Louis Theroux Interviews Chelsea Manning on BBC Two review: the best episode of the series

Forget WikiLeaks: this charged interview is at its best when digging into Manning's upbringing
Daniel Keane1 minute ago

In February 2010, Chelsea Manning sent WikiLeaks a short video. The clip, entitled “Collateral Murder”, showed two American Apache helicopters opening fire on a group of Iraqi civilians and two Reuters journalists. When the website published the footage two months later, it became a defining moment in America’s War on Terror: revealing the horror inflicted on innocent people in the name of western democracy. Manning, now 35, went on to leak an enormous trove of military reports, videos, diplomatic cables and battlefield accounts to WikiLeaks while she was an intelligence analyst in Iraq. She was convicted of espionage and other offences in 2013 and received a 35-year jail sentence, the longest ever imposed for a leak. Manning, who was born a man, announced that she identified as a woman the day after her conviction and began to transition. She remained behind bars until May 2017, when former president Barack Obama commuted her sentence.

The whistleblower is the focus of the fifth instalment of BBC Two’s Louis Theroux Interviews…, which has seen the nation’s favourite bespectacled maverick probe the darkest secrets of Anthony Joshua, Pete Doherty, Joan Collins and RAYE. This is by far the strongest interview of the series so far: a portrait of an inspiring, complex person struggling with the impact of a life-changing decision.

More than six years after her release, Manning is living in Brooklyn and working as an activist raising awareness of the dangers of AI and big tech. The interview takes place at the Three Dollar Bill, a gay bar and space where she regularly DJs. Theroux’s awkwardness appears to have a calming influence on Manning, who speaks of wanting to expose the “callous” behaviour of the American military in Iraq. It is a world of moral ambiguity, where the laws of war are broken with impunity and civilian death is justifiable. Yet she is also struck by the kindness shown by some soldiers. “You can see the best and worst of humanity in a single 30-minute window,” she says. Theroux is less interested in the political implications of the leak, which have been discussed to death. Even the brief mention of Julian Assange, the founder of WikiLeaks, sends chills through the room. The activist recently lost an appeal in the British High Court to avoid extradition to the US, where he faces 17 charges of espionage and one charge of computer misuse. Though the pair have never met, Assange's legal troubles have put Manning in an uncomfortable position and she is forced to bat away questions from Theroux about the extent of their cooperation. At one point, her manager intervenes and requests that he “stop going down the Assange route”. This is understandable given the obvious legal complications, but I don’t think that aides and communications professionals realise how awful it looks on screen. Have none of them heard of the Streisand effect?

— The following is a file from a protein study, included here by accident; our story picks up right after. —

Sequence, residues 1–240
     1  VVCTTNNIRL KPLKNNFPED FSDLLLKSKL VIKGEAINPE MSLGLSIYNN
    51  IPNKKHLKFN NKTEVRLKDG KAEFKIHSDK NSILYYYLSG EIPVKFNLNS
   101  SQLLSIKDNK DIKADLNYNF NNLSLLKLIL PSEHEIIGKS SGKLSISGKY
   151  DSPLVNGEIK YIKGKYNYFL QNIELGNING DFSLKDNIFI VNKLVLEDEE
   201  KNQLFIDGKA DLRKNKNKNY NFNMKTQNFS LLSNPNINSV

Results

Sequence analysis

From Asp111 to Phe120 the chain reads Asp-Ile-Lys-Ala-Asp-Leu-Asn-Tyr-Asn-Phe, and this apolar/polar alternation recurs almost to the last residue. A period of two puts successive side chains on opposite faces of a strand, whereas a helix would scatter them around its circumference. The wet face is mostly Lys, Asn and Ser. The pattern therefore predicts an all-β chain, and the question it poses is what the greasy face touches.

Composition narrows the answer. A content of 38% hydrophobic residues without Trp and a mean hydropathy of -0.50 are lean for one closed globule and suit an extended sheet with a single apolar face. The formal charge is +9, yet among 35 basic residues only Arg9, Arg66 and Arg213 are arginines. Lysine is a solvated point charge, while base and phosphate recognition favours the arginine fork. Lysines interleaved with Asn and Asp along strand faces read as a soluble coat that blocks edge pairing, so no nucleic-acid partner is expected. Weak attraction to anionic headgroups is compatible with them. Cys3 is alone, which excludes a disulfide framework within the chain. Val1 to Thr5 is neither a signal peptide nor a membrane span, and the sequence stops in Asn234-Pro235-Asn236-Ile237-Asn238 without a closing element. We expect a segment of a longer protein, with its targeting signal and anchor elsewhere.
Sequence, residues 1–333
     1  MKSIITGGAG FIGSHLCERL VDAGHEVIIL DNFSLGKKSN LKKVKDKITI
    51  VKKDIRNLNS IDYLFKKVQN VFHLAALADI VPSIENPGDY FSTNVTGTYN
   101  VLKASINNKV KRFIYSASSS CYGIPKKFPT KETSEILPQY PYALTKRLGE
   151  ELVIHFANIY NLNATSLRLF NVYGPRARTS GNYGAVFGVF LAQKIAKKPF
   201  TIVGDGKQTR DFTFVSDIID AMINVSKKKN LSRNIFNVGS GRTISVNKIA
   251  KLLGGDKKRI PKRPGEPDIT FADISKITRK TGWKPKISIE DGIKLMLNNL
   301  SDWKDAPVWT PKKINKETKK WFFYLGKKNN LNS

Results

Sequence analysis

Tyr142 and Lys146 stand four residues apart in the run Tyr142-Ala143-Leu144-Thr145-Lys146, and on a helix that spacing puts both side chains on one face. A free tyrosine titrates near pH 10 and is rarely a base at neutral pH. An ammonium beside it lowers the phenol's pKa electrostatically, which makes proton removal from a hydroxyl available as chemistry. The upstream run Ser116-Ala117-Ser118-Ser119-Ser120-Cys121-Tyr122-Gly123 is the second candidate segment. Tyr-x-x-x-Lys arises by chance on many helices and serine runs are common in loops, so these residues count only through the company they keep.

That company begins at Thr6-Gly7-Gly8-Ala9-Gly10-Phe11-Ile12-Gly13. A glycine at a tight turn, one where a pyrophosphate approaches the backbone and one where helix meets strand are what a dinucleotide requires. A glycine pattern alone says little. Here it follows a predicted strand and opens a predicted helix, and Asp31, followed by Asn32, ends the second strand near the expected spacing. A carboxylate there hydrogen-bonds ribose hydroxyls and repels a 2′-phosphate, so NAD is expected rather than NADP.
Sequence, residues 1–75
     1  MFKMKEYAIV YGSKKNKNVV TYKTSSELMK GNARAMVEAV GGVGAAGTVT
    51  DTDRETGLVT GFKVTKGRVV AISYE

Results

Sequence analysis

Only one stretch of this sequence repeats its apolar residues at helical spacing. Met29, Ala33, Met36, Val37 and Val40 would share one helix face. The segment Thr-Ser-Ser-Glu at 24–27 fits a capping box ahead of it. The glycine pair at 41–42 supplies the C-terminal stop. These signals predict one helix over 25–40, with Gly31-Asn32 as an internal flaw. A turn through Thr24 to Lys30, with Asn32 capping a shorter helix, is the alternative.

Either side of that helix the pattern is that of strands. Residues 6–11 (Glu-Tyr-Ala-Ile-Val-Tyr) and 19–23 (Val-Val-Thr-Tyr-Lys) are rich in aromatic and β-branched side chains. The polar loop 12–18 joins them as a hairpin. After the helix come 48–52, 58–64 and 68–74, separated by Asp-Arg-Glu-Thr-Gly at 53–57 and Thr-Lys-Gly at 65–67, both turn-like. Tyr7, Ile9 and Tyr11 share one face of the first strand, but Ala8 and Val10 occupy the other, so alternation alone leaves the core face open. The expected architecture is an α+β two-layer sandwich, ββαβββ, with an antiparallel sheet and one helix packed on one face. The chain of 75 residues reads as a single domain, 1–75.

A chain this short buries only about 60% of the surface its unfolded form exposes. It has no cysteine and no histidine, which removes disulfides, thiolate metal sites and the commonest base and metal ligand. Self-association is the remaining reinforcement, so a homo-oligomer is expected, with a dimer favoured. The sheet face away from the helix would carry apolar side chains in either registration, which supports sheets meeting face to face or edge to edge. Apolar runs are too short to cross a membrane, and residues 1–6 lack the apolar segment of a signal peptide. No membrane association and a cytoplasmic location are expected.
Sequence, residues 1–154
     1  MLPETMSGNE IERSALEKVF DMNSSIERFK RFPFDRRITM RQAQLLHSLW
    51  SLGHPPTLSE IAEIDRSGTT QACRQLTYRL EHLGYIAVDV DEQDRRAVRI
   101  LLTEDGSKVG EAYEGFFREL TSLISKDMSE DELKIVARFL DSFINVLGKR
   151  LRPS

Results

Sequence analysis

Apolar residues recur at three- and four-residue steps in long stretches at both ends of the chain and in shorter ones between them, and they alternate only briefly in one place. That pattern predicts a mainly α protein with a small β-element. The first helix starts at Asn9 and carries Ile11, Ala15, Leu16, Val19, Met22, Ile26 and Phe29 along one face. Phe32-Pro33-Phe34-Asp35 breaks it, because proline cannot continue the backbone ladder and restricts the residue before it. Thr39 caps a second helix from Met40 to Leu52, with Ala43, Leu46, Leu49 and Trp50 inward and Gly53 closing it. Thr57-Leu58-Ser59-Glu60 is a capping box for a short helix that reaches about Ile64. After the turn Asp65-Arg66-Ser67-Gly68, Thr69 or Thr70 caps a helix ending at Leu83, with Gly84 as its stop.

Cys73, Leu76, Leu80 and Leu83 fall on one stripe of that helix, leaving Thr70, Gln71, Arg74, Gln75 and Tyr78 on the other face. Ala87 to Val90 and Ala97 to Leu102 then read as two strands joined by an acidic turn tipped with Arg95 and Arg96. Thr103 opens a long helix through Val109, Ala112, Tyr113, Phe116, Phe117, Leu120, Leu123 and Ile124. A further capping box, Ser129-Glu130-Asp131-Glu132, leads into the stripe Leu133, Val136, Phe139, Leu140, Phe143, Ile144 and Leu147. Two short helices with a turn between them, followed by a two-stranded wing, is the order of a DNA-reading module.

Theroux quickly realises that this line of questioning is futile and shifts the focus to Manning’s childhood, friendships and struggles with mental health. This is where the interview excels. Manning grew up in a small town in Oklahoma with an alcoholic mother and abusive father, whose love and acceptance she craved. Her sense of inadequacy as a (then) son and man was a key factor in her choice to join the military: a need to “man up” in the eyes of her father. While in prison, she struggled to receive appropriate medical care after undergoing gender affirming surgery, despite promises from the Department of Justice. She felt as if the Obama Administration, a progressive government, was “fighting” her. “It just made me feel like giving up,” she says. Manning speaks bravely about her lowest moments, including her struggle with mental health issues and the multiple attempts she made to take her own life. Theroux handles these issues with characteristic sensitivity and empathy, allowing her the space to tell her story at her own pace. 

While much of the interview takes place in the Three Dollar Bill, its most captivating moments unfold as they walk around Manhattan. Manning is at ease in the city: it is large enough to feel anonymous in but has a caring LGBTQ+ community that looks after her. Theroux works his magic in these unusual spaces, catching her off-guard with questions as they munch on pizza in Union Square or shop for clothes. He is perhaps the only interviewer in the business with the peculiar talent of being able to ask about your traumatic childhood while you wait for a latte.

Before Manning disappears into the subway at the end of the interview, she embraces Theroux: a sign that he has won her trust. While this interview will disappoint news editors hungry for a line on Assange, it succeeds in ways that other profiles of Manning have not: painting a picture of a complex person who, Theroux says, has “frailties that are inseparable from her gifts”. Louis Theroux Interviews... Chelsea Manning will air on BBC Two at 9pm